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|Title:||Retrospective audit of antimicrobial prescribing practices for acute exacerbations of chronic obstructive pulmonary diseases in a large regional hospital.|
|Publication Title:||Journal of Clinical Pharmacy and Therapeutics|
|Abstract:||Chronic obstructive pulmonary disease (COPD) is associated with significant morbidity and mortality, and frequent exacerbations are associated with an increased risk of death, deterioration in lung function and reduced quality of life. Current Australian guidelines developed by the Lung Foundation of Australia (the COPD-X Plan) recommends the use of a short course of corticosteroids and oral antibiotics (amoxycillin or doxycycline) as part of the treatment of an AECOPD; however, it was noted that clinical practice at the study hospital had deviated from these guidelines. To evaluate the antibiotic prescribing practices in acute exacerbations of chronic obstructive pulmonary disease (AECOPD) patients, and to compare the differences in clinical outcomes (primarily mean length of stay and the rate of unplanned readmissions) between patients who received broad- vs. narrow-spectrum antibiotics in a large regional hospital. METHODS: Retrospective audit of medical records for patients admitted with uncomplicated AECOPD during January-September, 2014 in a 224 acute bed regional hospital in Victoria, Australia. RESULTS AND DISCUSSION: Fifty-nine per cent of patients received broad-spectrum antibiotics (ceftriaxone), whereas only 10% of prescriptions were concordant with current Australian guideline recommendations. Patients receiving a broad-spectrum regimen were more likely to be older (74·9 vs. 69·9 years; P = 0·009), have a higher COPD severity score (i.e. BAP-65 score, 1·55 vs. 1·06; P = 0·002) and a higher CRP (59·2 vs. 25·5 mg/L; P = 0·003) on admission. The mean LOS was not significantly different between those who received ceftriaxone and those who did not (5·09 vs. 4·55 days; P = 0·47). There was no significant difference between the groups in rates of readmissions. WHAT IS NEW AND CONCLUSION: The antibiotic prescribing patterns for AECOPD in rural and regional Australian hospitals have not previously been examined in the current literature. In the study hospital, the majority of patients received broad-spectrum antibiotics in the initial treatment of AECOPD. No differences in hospital length of stay, or rate of readmission for AECOPD were observed between those who received broad- and narrow-spectrum antibiotics.|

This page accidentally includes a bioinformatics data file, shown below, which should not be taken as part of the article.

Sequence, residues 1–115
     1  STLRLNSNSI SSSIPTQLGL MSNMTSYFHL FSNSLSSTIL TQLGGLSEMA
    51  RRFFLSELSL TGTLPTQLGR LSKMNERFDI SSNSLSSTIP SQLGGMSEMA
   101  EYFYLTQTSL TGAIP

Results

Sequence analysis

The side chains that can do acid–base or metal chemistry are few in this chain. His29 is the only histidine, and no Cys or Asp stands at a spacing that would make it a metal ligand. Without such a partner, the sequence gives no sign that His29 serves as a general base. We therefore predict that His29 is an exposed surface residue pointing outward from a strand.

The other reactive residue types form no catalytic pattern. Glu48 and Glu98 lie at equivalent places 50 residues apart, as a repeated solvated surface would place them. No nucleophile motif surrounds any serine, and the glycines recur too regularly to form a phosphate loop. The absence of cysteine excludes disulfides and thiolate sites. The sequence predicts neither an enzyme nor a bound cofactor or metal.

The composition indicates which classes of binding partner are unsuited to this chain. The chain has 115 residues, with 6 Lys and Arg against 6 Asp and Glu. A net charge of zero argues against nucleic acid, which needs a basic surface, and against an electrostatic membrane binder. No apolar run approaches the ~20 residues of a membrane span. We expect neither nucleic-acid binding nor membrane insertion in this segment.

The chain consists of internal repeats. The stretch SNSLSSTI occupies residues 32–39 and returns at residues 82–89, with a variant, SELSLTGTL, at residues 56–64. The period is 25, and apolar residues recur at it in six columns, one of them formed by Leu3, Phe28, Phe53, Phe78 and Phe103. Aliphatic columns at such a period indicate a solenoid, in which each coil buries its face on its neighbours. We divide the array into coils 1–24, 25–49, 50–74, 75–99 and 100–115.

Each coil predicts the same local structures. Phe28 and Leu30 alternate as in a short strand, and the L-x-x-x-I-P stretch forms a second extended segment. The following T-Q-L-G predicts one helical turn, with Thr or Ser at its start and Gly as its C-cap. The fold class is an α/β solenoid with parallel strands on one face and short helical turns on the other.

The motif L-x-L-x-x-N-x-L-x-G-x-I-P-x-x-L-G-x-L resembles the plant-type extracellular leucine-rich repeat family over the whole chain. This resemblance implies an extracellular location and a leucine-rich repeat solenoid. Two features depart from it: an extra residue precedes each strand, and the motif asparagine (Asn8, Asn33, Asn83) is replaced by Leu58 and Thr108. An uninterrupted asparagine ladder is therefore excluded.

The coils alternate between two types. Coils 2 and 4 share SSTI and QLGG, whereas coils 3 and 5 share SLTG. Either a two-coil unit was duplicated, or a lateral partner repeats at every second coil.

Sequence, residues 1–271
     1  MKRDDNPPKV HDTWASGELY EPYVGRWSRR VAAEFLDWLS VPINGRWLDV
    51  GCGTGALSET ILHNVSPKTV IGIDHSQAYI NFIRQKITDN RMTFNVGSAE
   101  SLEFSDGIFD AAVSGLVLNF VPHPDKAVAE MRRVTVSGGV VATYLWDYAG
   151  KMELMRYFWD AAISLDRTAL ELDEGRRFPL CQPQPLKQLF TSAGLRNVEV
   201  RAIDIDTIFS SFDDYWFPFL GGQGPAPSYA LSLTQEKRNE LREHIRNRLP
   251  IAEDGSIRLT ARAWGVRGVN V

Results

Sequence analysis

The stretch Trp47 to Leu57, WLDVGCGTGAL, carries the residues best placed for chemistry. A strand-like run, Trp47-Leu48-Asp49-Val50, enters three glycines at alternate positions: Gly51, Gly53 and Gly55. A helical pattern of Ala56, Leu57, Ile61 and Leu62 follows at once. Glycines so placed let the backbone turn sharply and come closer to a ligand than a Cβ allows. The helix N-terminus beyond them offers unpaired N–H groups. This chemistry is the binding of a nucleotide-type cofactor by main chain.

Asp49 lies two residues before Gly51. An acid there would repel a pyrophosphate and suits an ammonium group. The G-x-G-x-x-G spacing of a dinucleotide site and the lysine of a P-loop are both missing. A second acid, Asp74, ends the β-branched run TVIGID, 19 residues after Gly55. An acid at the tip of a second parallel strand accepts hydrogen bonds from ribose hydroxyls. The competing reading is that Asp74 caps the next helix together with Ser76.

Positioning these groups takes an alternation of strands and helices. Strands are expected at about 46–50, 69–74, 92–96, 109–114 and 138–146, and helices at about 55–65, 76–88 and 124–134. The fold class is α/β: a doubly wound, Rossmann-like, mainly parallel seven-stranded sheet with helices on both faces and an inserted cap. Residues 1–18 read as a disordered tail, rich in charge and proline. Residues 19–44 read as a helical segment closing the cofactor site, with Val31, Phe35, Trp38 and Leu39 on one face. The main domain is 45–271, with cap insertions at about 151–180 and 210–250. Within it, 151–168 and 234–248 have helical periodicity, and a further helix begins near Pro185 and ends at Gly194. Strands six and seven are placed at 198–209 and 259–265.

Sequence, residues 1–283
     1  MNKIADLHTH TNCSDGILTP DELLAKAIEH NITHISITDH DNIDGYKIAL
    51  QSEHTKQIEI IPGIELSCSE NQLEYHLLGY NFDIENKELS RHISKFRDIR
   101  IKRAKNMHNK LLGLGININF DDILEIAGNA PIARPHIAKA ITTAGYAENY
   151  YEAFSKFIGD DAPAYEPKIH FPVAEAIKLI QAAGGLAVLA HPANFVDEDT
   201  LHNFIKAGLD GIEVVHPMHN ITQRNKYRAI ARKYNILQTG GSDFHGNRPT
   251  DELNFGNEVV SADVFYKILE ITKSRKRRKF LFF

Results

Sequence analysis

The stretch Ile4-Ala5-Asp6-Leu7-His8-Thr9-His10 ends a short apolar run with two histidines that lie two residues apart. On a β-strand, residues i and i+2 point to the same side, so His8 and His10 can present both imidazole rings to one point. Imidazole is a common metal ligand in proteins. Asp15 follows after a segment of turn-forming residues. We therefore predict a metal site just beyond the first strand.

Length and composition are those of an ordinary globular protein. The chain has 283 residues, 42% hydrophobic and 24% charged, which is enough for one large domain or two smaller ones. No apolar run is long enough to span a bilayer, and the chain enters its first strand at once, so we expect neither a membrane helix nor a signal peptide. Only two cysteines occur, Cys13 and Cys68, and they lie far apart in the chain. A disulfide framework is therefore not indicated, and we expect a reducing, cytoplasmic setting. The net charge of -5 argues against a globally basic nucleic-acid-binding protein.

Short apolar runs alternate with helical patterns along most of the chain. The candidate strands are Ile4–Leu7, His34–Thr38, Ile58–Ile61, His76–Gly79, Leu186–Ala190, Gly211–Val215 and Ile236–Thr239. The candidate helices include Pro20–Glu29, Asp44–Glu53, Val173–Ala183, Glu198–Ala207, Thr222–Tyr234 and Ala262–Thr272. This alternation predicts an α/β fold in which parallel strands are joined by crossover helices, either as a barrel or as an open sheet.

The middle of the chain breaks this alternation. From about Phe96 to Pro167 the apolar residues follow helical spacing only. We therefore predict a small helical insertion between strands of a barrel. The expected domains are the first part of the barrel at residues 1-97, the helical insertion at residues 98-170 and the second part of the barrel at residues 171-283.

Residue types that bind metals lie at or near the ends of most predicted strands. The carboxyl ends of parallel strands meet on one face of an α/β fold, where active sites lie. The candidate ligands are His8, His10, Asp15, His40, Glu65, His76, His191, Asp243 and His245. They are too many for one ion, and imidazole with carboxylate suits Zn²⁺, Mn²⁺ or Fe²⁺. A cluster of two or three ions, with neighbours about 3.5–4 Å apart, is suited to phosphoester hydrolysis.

|Internal ID Number:||01033|
CHRONIC OBSTRUCTIVE PULMONARY DISEASE
|Appears in Collections:||Research Output|
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